Defined Words: gas laws, pressure, volume, temperature
The gas laws are a set of relationships between the four main measurements of a gas. Those measurements are pressure, volume, temperature, and number of molecules. Despite being named after gases, these laws act upon all types of matter, though the effects are slightly different. Here, we’ll stick with gases as the laws describe.
Gaseous molecules have no attraction to each other and are constantly moving and bouncing off the walls of their container. The total amount of force exerted on a defined area of the container gives a measurement of pressure.
Gases bounce around their container with mostly empty space between them, the amount of total space the gas takes up is called the volume. Gases are also fluid like liquid, which means they take the shape of the container they’re in. The volume of a gas is usually decided by the container.
Gases are in constant motion meaning they have kinetic energy. The amount of kinetic energy corresponds to the temperature. Greater kinetic energy means faster molecules and higher temperature. The last variable is the simplest, the exact number of molecules present in the container.
In order to determine the relationships, we need to keep two of these variables constant while altering a third in order to see its effect on the fourth. Let’s go over the relationships of pressure first.
If you increase the temperature of a gas in a container, the molecules will increase in speed and therefore would run into walls of the container with greater momentum. The faster moving molecules will slam into the walls with greater force, increasing the pressure. Pressure and temperature are “directly related.”
If you decided to increase the volume of the gas container, the molecules would have farther to travel within the container before they hit the walls. Fewer molecules run into the container walls over time, causing a lower overall force. Less force on a larger area lowers the pressure of the gas. Pressure and volume are “inversely related.”
With an increase in the amount of molecules in a container, more of them will be running into the walls. That means greater overall force, which means greater pressure. Pressure and number of molecules are “directly related.”
Next, we’ll tackle volume. If you increase the temperature of a container, the molecules will start to move faster and bounce off the walls harder. If the pressure is to remain the same, then the volume must increase. Volume and temperature are “directly related.”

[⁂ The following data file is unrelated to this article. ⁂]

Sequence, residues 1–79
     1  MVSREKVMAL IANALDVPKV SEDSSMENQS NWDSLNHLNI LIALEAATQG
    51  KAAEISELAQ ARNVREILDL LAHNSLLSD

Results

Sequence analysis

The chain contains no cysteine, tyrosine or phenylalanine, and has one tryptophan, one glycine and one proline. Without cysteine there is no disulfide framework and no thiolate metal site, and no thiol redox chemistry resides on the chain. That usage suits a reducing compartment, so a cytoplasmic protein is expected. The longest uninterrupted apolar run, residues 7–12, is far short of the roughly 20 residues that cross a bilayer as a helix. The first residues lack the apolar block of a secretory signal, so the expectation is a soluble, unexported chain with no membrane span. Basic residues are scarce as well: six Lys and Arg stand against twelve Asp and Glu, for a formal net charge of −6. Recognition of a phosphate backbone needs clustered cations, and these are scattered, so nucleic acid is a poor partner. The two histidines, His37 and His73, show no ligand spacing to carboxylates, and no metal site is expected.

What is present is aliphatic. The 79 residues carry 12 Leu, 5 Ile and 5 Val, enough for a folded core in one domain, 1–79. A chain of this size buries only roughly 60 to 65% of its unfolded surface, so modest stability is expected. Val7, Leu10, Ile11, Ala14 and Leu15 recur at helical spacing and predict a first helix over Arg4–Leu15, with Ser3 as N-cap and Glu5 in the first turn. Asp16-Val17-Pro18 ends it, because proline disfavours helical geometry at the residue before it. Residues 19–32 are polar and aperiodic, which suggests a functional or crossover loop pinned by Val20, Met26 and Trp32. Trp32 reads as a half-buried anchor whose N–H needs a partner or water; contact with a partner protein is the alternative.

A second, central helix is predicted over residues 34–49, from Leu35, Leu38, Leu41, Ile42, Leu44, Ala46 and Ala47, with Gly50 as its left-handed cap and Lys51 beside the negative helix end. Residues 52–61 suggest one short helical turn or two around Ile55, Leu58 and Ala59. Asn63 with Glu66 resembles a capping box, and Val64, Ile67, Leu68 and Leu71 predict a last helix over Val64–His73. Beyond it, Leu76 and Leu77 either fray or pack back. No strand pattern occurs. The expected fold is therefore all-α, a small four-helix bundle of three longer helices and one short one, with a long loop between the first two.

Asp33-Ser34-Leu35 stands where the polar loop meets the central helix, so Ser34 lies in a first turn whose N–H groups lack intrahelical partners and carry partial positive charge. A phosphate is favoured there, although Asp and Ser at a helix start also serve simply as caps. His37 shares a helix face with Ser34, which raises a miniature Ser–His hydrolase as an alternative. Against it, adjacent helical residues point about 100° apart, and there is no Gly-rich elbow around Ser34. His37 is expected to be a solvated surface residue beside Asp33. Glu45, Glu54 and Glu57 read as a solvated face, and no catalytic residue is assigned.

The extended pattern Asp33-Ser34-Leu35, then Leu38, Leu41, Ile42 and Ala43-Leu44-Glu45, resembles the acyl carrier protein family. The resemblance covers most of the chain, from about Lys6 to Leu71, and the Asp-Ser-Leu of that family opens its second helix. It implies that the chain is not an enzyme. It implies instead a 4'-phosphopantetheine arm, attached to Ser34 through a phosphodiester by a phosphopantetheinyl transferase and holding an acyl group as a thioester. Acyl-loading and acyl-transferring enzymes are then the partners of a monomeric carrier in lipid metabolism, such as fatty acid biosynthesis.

We have already discussed the relationship between pressure and volume and know that they are inversely related. If you were to add more molecules to a container, it will increase in size to equalize the pressure. Volume and number of molecules are “directly related.”
Finally, we’ll look at the relationship between temperature and number of molecules. If you add more molecules to a rigid container, more molecules are now bouncing around the same sized container. The original kinetic energy diffuses to the newly added molecules. The overall energy of the system stays the same but the original molecules are moving slower, resulting in lower temperature. Temperature and number of molecules are “inversely related.”
If we take all of the individual relationships and put them together, we can form a relationship between all four variables at once. This relationship can be mathematically written as follows:
P stands for pressure, V stands for volume, n is the number of molecules, T is the temperature, and R is a constant that allows us to convert between the various units of each measurement.
Nature tends toward equilibrium, so a change in one or two variables will mean that another variable must change to reverse the effects. For example, heating up a container will cause the pressure to rise unless the volume grows or molecules are removed from the container to balance the pressure. This is how a hot air balloon works: hot air expands the balloon but lowers the pressure of the air inside to let it fly.
I’m sure we’ve all been yelled at for leaving a window open and “letting the heat out.” In order to balance the pressure, the higher temperature gas will move toward lower temperatures. However, “letting the cool out” is technically impossible since the warm air from outside rushes in. Diffusion also plays a factor here, but the point is that these phenomena can be predicted.
We have spent the last 15,000 years learning about the world we live in and we have finally (mostly) figured it all out! When you truly understand how your world works, you can predict it and successfully manipulate it. All of your tools are in front of you; exploit your adaptation to conquer your world with knowledge.